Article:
Alex and his hats...

Alex and his hats…

David had also done some map research and had figured out an efficient path for our exit from Quito.  Once out of the city we would be on the Panamerican Highway, which evokes thoughts of four lanes, signs, lines, etc. And much of it is but some spots are under constructuion from two to,four lanes, have no lines or are dirt.

The town we are looking for is called Latacunga. Now isn’t that a fun word to say!?  Let’s all say it three times right now: Latacunga, Latacunga, Latacunga!! North of Latacunga we will take the Quilotoa Loop and venture into the high Andes and indegineous villages for a look see.

Unfortunaltely we encountered a detour (one of several today) and although the entry into the detour is VERY clear, once in there are no signs OUT and so we follow the crowd but the crowd is not always going to Latacunga.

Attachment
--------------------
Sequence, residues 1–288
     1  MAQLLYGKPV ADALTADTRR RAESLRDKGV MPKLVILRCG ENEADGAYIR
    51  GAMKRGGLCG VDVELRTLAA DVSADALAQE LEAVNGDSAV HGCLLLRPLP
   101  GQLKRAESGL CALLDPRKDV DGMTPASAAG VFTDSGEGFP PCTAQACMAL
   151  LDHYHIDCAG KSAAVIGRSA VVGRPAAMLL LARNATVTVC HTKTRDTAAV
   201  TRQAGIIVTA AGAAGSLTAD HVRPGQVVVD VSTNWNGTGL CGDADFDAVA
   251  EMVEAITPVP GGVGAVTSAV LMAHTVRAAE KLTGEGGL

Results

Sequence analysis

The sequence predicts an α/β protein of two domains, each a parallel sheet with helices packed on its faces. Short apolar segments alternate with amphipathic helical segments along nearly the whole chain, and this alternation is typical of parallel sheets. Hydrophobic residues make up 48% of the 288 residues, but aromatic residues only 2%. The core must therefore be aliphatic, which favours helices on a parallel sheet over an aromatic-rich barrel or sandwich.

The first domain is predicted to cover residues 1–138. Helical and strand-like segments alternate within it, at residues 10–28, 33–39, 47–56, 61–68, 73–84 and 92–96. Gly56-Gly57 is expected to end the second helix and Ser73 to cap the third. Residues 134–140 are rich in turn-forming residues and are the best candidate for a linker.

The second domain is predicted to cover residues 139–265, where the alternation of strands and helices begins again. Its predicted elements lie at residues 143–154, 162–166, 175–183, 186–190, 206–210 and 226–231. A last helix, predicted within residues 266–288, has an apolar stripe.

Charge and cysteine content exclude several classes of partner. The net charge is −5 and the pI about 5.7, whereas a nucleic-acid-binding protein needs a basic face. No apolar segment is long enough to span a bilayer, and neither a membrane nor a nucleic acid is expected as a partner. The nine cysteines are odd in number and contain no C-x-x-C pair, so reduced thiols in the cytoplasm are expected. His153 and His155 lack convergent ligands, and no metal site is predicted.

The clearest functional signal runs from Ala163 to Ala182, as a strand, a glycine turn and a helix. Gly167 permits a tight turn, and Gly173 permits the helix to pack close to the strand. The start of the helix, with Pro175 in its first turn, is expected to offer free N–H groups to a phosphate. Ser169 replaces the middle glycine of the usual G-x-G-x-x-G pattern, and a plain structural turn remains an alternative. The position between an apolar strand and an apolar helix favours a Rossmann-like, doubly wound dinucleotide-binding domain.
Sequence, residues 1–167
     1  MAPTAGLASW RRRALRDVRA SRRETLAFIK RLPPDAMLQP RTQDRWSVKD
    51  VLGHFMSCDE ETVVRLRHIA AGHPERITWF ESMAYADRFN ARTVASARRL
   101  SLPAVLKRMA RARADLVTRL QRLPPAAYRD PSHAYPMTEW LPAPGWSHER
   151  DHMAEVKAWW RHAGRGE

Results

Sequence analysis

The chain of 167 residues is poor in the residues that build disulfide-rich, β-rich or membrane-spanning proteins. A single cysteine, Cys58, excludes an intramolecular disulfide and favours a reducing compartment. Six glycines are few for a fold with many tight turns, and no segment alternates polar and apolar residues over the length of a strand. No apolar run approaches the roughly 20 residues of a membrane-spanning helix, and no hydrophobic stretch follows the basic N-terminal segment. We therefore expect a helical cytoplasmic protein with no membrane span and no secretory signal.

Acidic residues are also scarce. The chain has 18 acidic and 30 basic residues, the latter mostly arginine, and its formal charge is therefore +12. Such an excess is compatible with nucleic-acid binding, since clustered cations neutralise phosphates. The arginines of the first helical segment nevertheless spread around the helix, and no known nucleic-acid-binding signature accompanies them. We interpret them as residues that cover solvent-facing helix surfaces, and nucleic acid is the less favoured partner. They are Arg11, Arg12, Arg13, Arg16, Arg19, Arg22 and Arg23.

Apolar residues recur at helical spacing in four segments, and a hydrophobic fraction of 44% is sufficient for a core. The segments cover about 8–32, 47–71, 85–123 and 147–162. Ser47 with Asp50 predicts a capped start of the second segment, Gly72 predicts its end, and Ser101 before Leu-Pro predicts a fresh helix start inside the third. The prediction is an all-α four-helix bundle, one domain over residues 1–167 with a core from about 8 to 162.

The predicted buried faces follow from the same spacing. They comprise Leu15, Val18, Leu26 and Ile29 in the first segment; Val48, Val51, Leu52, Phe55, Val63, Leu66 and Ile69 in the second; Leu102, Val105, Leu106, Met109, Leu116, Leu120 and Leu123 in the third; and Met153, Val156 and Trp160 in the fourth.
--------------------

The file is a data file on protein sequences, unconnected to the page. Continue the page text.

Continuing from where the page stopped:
At one point, in need of a bano we stopped at a gas station to fill the tank and Rene suggested I ask the motorcycle cop ifs we are on the road to The Loop. In my best Spanish, I asked and he replied that I needed to go left up ahead, Largo, which we now know means LONG not slow as in a musical sense..and then hang a right. I repeated the directions back to him with hand gestures justo to be sure and thanked him and headed back to the car.

Afer settling into my seat, I noticed that he had moved his cycle right in front of our car. Could he be offering a Police Escort!? Yes, Indeeedy! I quickly explained that we needed to wait for David who was still in the bano and then we were ready. Off we went, with Rene staying right on the tail of our Angel.